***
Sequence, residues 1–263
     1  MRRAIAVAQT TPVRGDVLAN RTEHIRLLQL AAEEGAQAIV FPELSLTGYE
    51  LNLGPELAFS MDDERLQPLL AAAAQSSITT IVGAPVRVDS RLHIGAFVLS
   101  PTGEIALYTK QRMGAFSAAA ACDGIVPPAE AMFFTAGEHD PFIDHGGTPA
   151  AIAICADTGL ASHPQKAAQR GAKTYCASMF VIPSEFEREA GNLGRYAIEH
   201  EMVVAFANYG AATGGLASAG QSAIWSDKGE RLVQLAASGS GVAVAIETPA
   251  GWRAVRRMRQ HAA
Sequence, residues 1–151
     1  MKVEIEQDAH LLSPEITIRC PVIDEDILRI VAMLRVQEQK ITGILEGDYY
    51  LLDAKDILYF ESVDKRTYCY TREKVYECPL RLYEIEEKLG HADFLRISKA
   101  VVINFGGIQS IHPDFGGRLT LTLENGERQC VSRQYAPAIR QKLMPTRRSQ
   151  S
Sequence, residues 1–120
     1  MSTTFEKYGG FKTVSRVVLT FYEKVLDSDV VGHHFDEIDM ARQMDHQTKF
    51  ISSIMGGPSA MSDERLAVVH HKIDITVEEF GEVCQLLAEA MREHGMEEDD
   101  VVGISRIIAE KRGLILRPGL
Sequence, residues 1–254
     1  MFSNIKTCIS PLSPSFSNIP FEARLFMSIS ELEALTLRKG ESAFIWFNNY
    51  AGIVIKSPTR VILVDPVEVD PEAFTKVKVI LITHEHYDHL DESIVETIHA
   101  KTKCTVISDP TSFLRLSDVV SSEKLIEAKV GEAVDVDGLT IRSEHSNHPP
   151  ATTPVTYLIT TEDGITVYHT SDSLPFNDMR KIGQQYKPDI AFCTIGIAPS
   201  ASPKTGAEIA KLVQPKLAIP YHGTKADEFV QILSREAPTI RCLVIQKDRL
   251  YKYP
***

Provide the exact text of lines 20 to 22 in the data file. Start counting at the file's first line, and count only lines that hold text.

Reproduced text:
   101  KTKCTVISDP TSFLRLSDVV SSEKLIEAKV GEAVDVDGLT IRSEHSNHPP
   151  ATTPVTYLIT TEDGITVYHT SDSLPFNDMR KIGQQYKPDI AFCTIGIAPS
   201  ASPKTGAEIA KLVQPKLAIP YHGTKADEFV QILSREAPTI RCLVIQKDRL